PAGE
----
Golden Age of Russian Poetry (or Age of Pushkin) is the name traditionally applied by philologists to the first half of the 19th century.[1] This characterization was first used by the critic Peter Pletnev in 1824 who dubbed the epoch "the Golden Age of Russian Literature."[2]


The most significant Russian poet Pushkin (in Nabokov's words, the greatest poet this world was blessed with since the time of Shakespeare[3]) and some scholars even refer to this period as the "Age of Pushkin".[2] Mikhail Lermontov and Fyodor Tyutchev are generally regarded as two most important Romantic poets after Pushkin.[4] Other poets include Pyotr Vyazemsky, Anton Delvig, Kondraty Ryleyev, Vasily Zhukovsky and Konstantin Batyushkov. Pushkin himself, however, considered Evgeny Baratynsky to be the finest poet of his day.[citation needed]


  1. ^ John, Gary (2009-08-07). "LESSON 4 The Golden Age: Aleksandr Pushkin". Department of Slavic and Central Asian Languages , University of Minnesota. Retrieved 2012-03-23.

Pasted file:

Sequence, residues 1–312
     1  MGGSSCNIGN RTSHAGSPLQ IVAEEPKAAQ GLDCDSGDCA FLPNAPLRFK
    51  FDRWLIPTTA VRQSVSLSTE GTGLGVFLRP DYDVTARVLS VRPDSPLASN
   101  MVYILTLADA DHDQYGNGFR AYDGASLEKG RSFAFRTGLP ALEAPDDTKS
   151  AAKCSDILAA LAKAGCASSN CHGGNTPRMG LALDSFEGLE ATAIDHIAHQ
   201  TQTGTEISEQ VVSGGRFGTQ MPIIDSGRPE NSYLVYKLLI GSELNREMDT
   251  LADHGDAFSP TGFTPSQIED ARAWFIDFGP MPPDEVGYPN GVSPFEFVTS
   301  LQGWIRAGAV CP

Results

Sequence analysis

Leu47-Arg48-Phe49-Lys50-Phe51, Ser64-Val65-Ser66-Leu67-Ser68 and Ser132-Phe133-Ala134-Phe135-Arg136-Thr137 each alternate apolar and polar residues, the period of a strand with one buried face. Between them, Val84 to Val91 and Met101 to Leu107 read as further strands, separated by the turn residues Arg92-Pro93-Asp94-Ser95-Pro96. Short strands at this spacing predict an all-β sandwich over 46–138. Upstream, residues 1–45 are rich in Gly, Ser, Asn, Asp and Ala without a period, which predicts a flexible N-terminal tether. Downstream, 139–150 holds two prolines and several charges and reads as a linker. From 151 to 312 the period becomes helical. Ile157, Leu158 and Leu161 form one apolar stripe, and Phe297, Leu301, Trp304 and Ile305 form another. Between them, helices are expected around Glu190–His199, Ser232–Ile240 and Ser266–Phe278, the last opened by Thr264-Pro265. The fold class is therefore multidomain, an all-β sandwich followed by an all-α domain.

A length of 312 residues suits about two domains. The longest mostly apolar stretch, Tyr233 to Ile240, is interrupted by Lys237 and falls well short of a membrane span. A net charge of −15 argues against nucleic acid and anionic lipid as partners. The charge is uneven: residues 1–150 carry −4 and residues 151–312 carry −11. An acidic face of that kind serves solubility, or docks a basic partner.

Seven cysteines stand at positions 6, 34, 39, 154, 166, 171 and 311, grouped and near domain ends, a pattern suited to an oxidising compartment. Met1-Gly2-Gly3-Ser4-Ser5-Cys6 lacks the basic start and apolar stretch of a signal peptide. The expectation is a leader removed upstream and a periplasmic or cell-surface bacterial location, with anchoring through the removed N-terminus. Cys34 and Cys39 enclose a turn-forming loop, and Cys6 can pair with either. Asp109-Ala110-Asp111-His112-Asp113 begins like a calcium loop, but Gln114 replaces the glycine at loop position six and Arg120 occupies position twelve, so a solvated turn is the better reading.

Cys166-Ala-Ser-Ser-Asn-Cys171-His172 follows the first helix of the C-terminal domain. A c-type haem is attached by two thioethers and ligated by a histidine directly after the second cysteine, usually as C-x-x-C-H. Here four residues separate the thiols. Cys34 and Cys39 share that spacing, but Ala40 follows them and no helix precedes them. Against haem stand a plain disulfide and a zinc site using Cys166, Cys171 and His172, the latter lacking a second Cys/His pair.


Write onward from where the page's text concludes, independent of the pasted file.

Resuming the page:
2. ^ a b Khitrova, Daria (2019). Lyric Complicity: Poetry and Readers in the Golden Age of Russian Literature. University of Wisconsin Press.
  3. ^ Boyd, Brian (2011). Stalking Nabokov: Selected Essays. New York: Columbia University Press. p. 203. ISBN 978-0231158565.
  4. ^ Nabokov, Vladimir (1944). Three Russian Poets: Selections from Pushkin, Lermontov, and Tyutchev. New York: Norfolk: New Directions.

See also